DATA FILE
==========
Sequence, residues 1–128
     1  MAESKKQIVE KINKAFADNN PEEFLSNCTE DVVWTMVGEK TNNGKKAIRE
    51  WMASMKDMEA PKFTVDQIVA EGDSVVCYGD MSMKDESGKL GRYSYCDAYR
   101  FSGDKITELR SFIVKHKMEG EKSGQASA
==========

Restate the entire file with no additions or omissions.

Sequence, residues 1–128
     1  MAESKKQIVE KINKAFADNN PEEFLSNCTE DVVWTMVGEK TNNGKKAIRE
    51  WMASMKDMEA PKFTVDQIVA EGDSVVCYGD MSMKDESGKL GRYSYCDAYR
   101  FSGDKITELR SFIVKHKMEG EKSGQASA